By Chi Kong Lui on March 15, 2000 - 12:00am.
According to ESRB
, this game contains: Mild Animated Violence
Game Description: Pokémon Stadium lets you stage Pokémon battles in a whole new arena--on your Nintendo 64! See all 150 Pokémon execute their attacks in full 3-D, and create your own custom stickers! Pokémon Stadium gives trainers an arena to engage in heated Pokémon battles, and offers them a ringside seat for the action. Tons of features, including support for playing your Game Boy Pokémon game through your N64, make Stadium a must-have for all Pokémon fans! In Pokémon Stadium, you're able to battle using your most loyal Pokémon from the Red, Blue, and Yellow versions of Pokémon (sold separately). Thanks to a Transfer Pak that comes with Pokémon Stadium and plugs into the bottom of your controller, data can be transferred straight from a Game Boy cartridge to your N64.
By Dale Weir on March 15, 2000 - 12:00am.
As I said before Stadium is not the finest example of a stand-alone game, but in all fairness, it was never to meant to be. It was to be used with Nintendo's very innovative Transfer Pak, and when linked with a Pokémon game, it offered new options and modes that enhanced the original games experience. With the exception of a true Pokémon sequel, I doubt fans really could ask for more.
By Chi Kong Lui on August 12, 1999 - 11:00pm.
Fair criticism usually benefits from having extensive experience in the particular subject leading to a more knowledgeable (and less emotional) perspective. But every now and then, something like Pokémon Snap comes along that so defies normal conventions (of the videogame world) that it leaves critics baffled as to how to justifiably critique it.
By Dale Weir on August 12, 1999 - 11:00pm.
To speak of Pokémon Snap's far-reaching appeal, I must mention that the Bronx Zoo angle came to me and Chi separately. I first thought that a photo-journalistic approach (linking the experience to bird watching) was the most fitting comparison. Like bird watching, photographing the Pokémon in their natural environments was key and getting a nice big shot of a rare Pokémon was like finding gold.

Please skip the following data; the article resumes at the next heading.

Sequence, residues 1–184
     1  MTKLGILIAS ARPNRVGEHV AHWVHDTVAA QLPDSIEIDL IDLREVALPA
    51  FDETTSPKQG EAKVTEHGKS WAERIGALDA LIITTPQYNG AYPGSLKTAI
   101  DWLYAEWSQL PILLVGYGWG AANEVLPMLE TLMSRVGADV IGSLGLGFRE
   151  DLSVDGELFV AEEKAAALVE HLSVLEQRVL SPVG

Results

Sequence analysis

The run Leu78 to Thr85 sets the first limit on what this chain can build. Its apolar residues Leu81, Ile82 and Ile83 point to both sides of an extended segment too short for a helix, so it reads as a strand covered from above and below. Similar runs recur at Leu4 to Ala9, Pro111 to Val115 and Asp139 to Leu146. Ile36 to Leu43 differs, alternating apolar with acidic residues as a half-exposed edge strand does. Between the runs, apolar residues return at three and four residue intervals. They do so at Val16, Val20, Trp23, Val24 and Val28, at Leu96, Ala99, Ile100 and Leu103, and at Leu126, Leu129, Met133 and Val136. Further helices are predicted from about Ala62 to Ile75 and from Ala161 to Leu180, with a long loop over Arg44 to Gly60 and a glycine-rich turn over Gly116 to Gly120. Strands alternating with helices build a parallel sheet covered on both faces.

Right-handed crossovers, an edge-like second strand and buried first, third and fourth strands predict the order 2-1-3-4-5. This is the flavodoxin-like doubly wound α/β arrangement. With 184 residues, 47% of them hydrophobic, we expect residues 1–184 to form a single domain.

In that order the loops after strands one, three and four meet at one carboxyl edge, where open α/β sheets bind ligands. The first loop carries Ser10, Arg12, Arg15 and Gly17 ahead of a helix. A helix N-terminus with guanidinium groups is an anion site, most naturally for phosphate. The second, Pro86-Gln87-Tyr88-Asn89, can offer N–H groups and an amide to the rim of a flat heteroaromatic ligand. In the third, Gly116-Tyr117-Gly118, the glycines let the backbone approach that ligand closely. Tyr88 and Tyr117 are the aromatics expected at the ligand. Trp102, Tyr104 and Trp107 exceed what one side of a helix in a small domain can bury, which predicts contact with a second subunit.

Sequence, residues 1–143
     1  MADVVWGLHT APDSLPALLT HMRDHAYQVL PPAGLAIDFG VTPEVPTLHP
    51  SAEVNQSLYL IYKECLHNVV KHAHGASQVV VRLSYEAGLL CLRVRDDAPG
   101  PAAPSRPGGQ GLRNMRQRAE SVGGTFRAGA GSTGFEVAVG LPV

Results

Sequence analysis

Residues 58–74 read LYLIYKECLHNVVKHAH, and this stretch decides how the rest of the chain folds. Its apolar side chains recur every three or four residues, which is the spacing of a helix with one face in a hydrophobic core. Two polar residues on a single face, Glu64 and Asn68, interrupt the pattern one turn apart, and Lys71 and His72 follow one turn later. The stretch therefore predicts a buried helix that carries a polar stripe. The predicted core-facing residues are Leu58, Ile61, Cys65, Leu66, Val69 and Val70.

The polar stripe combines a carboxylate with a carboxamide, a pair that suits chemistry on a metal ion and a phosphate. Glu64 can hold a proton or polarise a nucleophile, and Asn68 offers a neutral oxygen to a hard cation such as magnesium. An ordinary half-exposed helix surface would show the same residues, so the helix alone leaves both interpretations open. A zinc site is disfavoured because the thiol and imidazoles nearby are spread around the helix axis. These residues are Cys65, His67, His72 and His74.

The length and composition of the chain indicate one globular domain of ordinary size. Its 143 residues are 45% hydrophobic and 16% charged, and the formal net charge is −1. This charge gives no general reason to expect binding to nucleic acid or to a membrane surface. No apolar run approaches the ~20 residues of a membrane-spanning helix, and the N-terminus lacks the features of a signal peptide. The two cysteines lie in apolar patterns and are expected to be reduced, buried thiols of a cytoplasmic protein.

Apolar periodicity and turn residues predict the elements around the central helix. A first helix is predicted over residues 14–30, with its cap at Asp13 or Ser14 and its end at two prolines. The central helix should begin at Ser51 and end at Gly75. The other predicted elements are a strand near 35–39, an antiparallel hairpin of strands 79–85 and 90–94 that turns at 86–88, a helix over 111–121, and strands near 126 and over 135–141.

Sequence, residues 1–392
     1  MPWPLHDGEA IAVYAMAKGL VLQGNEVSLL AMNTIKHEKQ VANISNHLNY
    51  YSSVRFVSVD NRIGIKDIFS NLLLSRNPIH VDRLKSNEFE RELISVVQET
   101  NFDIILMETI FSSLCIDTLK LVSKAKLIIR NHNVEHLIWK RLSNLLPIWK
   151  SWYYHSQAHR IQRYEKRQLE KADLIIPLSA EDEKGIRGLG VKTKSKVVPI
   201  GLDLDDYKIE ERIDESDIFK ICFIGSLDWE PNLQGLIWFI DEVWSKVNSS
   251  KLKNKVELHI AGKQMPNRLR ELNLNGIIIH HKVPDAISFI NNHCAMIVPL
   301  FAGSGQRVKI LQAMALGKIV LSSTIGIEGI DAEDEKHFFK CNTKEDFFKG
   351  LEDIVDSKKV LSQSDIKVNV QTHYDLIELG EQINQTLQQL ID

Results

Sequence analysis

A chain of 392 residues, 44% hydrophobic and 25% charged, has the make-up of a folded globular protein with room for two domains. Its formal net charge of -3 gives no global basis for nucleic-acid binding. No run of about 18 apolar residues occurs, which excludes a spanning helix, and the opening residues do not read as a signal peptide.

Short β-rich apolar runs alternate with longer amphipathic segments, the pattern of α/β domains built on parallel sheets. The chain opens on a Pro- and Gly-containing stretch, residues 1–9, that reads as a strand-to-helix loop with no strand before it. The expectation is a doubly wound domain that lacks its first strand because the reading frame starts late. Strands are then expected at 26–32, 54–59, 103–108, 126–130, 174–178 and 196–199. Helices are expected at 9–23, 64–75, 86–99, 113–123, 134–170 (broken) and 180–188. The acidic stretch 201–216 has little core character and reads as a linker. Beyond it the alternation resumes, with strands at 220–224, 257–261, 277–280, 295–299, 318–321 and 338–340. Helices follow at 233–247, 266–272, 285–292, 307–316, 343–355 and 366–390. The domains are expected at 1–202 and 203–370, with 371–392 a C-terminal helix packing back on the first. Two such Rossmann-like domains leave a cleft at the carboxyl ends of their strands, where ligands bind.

By Dale Weir on July 23, 1999 - 11:00pm.
I agree with Chi about the Miyamoto-esque experience provided by Pokémon. It turns away all conventions of the industry. There are no naked women, no hulking heroes, and no smart-mouthed mascots. You are encouraged to simply play. Have fun and enjoy yourself at your own pace.
By Chi Kong Lui on June 23, 1999 - 11:00pm.
Rather than wiping out endless hordes of monsters for fortune, glory, and (of course) experience points, Pokémon encourages captivity over annihilation. So much so, that collecting, trading, and training the stubborn little pocket monsters make up the heart of the game.
Game Description: In Pokémon Blue/Red, your mission is to collect all 150 Pokémon. To collect all 150, you'll need to train each captured Pokémon. Once they evolve, each Pokémon gains power, which can be used to defeat and capture other Pokémon. Along the way, several skilled trainers will challenge you to Pokémon duels. To win the game, you must defeat them all. Keep in mind that some Pokémon are rare and won't be found in your game. To get all 150, trade Pokémon with your friends using the Game Boy Link Cable, which allows the transfer of Pokémon between Game Paks.
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